Federal Rule of Evidence 501 provides that claims of privilege in federal courts are governed by the “common law—as interpreted by United States courts in the light of reason and experience.” Fed.R.Evid. 501. The attorney-client privilege is the “oldest of the privileges for confidential communications known to the common law.” Upjohn Co. v. United States, 449 U.S. 383, 389, 101 S.Ct. 677, 66 L.Ed.2d 584 (1981). As relevant here, the privilege applies to a confidential communication between attorney and client if that communication was made for the purpose of obtaining or providing legal advice to the client. See 1 Restatement (Third) Of The Law Governing Lawyers §§ 68–72 (2000); In re Grand Jury, 475 F.3d 1299, 1304 (D.C.Cir.2007); In re Lindsey, 158 F.3d 1263, 1270 (D.C.Cir.1998); In re Sealed Case, 737 F.2d 94, 98–99 (D.C.Cir.1984); see also Fisher v. United States, 425 U.S. 391, 403, 96 S.Ct. 1569, 48 L.Ed.2d 39 (1976) ( “Confidential disclosures by a client to an attorney made in order to obtain legal assistance are privileged.”).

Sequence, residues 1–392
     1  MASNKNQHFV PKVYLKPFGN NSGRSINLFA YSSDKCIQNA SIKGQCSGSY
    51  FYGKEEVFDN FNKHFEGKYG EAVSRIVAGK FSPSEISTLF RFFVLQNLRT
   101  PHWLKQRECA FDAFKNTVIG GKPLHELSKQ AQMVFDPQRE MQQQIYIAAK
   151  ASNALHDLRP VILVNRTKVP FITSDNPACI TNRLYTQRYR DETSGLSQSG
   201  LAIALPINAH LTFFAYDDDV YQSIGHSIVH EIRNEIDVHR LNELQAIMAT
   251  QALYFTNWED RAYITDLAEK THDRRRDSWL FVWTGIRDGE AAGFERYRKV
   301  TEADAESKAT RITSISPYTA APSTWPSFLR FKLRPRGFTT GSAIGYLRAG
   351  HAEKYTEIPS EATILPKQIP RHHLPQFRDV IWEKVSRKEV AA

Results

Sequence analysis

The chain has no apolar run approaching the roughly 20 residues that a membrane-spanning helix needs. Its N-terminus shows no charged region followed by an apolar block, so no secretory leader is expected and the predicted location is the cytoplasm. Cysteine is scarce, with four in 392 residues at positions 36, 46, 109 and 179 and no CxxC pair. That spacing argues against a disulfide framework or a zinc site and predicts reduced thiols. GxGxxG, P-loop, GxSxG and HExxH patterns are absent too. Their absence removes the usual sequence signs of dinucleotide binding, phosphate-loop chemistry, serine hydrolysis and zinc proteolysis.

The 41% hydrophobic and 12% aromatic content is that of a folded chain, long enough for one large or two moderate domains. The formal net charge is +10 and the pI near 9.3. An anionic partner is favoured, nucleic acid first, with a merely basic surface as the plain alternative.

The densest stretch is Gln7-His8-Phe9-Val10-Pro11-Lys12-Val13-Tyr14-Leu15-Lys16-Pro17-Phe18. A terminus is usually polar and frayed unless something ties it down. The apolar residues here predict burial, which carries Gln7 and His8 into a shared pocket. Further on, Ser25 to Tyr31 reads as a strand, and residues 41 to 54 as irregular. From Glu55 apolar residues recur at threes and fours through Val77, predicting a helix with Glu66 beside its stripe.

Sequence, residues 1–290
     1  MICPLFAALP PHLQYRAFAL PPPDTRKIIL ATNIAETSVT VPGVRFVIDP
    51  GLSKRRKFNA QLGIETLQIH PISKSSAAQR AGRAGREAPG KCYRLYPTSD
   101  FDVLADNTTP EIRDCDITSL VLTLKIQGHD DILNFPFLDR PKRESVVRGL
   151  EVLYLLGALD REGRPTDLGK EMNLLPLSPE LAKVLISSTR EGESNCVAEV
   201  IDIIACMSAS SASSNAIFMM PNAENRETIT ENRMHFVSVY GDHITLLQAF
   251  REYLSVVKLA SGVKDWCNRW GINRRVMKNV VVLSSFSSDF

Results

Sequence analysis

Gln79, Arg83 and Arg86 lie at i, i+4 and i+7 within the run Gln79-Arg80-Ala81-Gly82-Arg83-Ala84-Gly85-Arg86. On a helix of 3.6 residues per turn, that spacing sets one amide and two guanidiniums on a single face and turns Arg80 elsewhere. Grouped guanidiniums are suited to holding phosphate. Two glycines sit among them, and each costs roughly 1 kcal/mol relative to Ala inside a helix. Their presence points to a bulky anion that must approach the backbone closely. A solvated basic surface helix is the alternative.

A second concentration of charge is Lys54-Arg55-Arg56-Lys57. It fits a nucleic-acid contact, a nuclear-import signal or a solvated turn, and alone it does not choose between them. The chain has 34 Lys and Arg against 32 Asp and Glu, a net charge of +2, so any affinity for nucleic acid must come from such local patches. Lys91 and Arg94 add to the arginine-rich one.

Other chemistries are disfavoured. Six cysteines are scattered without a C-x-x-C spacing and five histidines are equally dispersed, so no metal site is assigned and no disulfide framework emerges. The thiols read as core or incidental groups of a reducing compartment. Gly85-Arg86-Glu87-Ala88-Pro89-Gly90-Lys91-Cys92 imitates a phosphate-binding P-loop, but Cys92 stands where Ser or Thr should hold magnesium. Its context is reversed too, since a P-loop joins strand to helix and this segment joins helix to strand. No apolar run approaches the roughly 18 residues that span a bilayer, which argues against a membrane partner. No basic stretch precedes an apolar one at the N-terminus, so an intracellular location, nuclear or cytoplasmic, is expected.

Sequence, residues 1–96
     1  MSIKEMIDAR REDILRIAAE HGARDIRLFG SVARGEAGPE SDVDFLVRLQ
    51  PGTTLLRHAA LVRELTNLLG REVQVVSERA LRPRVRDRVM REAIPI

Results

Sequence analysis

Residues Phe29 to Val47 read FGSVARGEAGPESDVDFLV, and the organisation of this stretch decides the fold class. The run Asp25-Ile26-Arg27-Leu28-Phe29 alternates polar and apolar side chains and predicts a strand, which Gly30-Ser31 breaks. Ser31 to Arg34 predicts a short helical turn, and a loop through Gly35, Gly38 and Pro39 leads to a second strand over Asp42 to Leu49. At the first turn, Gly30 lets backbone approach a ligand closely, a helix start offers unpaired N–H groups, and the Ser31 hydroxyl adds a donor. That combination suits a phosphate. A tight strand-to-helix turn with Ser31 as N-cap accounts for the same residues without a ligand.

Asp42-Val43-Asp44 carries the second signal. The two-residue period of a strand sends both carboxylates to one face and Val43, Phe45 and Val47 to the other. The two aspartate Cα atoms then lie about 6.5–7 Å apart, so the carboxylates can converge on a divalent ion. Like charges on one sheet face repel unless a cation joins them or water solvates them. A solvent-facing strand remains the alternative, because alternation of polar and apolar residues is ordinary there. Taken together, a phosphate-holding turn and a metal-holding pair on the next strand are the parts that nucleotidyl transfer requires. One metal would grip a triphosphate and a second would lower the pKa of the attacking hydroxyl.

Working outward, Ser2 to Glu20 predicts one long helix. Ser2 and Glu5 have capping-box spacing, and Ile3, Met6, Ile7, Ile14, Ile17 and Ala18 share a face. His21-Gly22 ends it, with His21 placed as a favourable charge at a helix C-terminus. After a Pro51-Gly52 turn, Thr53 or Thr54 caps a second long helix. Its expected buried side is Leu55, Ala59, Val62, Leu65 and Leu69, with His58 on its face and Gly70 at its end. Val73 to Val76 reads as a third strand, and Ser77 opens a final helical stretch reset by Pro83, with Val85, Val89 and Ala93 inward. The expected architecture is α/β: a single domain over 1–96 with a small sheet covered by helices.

In Upjohn, the Supreme Court held that the attorney-client privilege applies to corporations. The Court explained that the attorney-client privilege for business organizations was essential in light of “the vast and complicated array of regulatory legislation confronting the modern corporation,” which required corporations to “constantly go to lawyers to find out how to obey the law, ... particularly since compliance with the law in this area is hardly an instinctive matter.” 449 U.S. at 392, 101 S.Ct. 677 (internal quotation marks and citation omitted). The Court stated, moreover, that the attorney-client privilege “exists to protect not only the giving of professional advice to those who can act on it but also the giving of information to the lawyer to enable him to give sound and informed advice.” Id. at 390, 101 S.Ct. 677. That is so, the Court said, because the “first step in the resolution of any legal problem is ascertaining the factual background and sifting through the facts with an eye to the legally relevant.” Id. at 390–91, 101 S.Ct. 677. In Upjohn, the communications were made by company employees to company attorneys during an attorney-led internal investigation that was undertaken to ensure the company's “compliance with the law.” Id. at 392, 101 S.Ct. 677; see id. at 394, 101 S.Ct. 677. The Court ruled that the privilege applied to the internal investigation and covered the communications between company employees and company attorneys.